First a taxi, then a fast train, then a slow train, then a train that gets split in two part way through the journey, then an inclined train and finally a bus. This is what it took for us to arrive at the Ekoin, a temple stay in the town of Koyasan.

I must say we are a bit shocked as we were expecting a roughish experience, the town reminds us of Jasper, or Banff in its early days. There are even tour buses on the main road. Unfortunately, this is a money making tourist stop. The monks here don’t live a cloistered, meager existence.

Koyasan, Japan

Our accommodation is fairly nice, not rough at all. Japanese style rooms with futons, shared bathrooms, onsens, and gorgeous views. Heaters in the rooms, which is wonderful as it is chilly outside.

Koyasan, Japan

There are multiple shrines in the area along with a couple of very prominent ones. The draw is the Okunoin Cemetery which is 1200 years old. According to legend no one is dead in Okunoin, only waiting souls. The 2 km walk through the grounds is packed with grave markers, monuments, statues and headstones. It is late afternoon and the light makes it an eerie walk.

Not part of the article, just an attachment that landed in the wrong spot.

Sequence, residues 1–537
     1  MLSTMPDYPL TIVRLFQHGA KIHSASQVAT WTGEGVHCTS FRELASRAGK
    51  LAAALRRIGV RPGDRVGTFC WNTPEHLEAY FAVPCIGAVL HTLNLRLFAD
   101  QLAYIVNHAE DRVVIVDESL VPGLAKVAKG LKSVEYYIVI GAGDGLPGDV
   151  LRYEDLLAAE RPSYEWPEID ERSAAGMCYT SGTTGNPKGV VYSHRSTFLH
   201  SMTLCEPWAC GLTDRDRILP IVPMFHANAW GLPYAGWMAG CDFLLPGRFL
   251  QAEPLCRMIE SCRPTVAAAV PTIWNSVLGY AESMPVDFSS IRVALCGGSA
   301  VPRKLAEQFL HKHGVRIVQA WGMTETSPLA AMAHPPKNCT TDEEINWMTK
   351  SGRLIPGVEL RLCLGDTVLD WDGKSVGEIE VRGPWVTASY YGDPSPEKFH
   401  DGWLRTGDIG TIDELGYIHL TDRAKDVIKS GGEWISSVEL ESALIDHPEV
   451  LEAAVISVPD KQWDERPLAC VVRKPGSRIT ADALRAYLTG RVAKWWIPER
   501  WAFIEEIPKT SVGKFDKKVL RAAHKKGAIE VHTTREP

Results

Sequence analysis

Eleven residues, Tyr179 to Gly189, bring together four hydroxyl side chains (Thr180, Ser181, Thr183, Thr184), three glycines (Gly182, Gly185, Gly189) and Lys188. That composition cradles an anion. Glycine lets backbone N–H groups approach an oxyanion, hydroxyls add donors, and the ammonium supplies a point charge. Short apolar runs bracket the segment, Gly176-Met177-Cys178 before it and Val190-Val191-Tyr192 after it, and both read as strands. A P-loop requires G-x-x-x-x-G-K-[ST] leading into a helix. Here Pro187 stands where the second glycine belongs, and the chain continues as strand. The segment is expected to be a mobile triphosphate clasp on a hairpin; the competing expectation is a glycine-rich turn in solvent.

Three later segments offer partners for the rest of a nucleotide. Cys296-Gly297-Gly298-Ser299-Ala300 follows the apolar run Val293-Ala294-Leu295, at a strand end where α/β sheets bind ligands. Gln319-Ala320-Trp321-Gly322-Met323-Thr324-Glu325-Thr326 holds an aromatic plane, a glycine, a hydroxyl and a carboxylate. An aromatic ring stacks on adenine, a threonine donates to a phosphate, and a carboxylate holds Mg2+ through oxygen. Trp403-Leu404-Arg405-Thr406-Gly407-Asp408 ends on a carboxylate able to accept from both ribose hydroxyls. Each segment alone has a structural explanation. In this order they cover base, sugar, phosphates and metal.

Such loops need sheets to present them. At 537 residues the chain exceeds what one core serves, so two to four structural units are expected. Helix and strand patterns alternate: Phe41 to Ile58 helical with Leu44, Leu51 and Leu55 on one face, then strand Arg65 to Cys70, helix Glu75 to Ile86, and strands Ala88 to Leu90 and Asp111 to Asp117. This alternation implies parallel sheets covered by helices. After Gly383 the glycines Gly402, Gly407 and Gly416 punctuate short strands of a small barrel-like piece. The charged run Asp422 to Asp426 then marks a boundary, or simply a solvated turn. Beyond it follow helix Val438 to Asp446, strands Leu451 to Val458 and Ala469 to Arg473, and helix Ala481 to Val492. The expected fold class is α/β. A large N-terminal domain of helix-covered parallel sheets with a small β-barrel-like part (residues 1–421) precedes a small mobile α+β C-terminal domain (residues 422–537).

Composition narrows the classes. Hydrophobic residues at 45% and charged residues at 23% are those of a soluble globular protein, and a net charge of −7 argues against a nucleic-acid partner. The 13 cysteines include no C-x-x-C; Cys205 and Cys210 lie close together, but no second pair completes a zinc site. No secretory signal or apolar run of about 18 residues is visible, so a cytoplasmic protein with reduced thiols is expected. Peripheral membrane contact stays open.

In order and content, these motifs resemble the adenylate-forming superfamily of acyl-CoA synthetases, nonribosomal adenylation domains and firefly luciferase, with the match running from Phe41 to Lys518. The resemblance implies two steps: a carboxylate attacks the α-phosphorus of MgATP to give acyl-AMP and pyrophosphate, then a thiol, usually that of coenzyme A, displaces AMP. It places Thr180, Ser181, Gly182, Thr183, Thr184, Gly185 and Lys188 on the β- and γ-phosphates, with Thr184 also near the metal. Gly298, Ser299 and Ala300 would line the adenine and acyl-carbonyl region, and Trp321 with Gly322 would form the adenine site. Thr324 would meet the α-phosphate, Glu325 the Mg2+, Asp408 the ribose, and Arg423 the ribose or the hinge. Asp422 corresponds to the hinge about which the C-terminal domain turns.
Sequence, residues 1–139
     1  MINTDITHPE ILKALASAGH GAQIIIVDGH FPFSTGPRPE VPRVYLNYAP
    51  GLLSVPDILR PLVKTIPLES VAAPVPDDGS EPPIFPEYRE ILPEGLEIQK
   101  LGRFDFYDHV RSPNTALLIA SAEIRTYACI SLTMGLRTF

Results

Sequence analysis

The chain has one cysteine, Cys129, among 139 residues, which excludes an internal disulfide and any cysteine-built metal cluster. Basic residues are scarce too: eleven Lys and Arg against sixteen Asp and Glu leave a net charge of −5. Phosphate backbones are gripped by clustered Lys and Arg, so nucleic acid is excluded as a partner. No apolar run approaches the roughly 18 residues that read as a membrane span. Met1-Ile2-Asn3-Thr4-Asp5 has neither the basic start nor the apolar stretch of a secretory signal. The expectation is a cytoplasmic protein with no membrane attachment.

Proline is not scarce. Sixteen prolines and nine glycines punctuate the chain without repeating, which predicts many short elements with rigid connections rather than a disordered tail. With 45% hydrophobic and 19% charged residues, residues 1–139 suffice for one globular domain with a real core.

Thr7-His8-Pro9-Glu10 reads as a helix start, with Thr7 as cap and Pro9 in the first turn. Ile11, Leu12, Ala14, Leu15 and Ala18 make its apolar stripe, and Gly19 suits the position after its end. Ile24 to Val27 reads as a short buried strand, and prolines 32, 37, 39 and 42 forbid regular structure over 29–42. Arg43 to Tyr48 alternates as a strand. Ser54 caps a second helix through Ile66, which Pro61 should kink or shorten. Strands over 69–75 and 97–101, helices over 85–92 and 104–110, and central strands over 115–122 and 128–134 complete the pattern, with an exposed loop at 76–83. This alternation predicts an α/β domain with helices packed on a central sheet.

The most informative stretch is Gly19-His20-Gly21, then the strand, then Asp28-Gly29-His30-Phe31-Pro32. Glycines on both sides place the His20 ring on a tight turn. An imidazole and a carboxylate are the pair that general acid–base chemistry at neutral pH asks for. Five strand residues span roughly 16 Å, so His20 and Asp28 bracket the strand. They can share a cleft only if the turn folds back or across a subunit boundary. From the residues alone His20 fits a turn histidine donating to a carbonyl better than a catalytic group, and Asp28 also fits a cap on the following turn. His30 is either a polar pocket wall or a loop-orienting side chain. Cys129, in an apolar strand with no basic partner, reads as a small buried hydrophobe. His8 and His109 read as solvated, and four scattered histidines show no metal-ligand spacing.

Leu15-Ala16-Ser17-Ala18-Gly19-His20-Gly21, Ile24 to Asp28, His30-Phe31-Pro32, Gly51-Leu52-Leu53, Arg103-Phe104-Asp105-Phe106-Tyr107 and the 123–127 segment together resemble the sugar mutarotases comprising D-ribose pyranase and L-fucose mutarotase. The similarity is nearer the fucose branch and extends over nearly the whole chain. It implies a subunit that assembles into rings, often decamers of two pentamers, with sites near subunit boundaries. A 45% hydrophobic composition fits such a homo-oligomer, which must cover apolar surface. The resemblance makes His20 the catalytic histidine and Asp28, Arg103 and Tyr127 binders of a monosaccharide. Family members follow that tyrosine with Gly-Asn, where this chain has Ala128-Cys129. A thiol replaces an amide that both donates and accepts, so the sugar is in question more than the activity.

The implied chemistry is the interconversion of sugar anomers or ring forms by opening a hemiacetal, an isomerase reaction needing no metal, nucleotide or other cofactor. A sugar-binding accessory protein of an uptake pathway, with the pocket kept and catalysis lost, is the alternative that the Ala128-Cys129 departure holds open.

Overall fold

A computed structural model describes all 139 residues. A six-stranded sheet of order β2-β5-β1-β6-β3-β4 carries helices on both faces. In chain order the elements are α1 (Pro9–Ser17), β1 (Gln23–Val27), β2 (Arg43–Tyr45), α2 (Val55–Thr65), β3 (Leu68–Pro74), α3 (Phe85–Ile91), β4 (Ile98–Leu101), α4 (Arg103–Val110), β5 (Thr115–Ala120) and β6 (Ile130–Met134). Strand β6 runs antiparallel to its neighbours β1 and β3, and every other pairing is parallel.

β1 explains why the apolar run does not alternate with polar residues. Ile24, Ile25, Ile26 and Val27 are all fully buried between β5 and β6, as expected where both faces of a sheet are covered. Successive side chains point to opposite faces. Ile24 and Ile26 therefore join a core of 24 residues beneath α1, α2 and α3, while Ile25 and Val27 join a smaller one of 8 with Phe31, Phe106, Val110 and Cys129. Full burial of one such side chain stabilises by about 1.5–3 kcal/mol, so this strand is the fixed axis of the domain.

Koyasan, Japan

It is pouring rain. Our umbrellas keep our torsos dry but our feet and pant bottoms are getting soaked. Fortunately, L has our adjoined room toasty warm when we get back from our walk. We have set up our shoes and pants are drying in front of the heater. Should be good to go tomorrow morning.

Supper is a vegetarian meal, as befitting the temple guidelines, and Murray actually manages to eat a substantial amount of the offerings. I am supposed to go to the onsen, but now that my tummy is full and I am warm, I do not want to move out of my cozy den. May just go to sleep……

Koyasan, Japan
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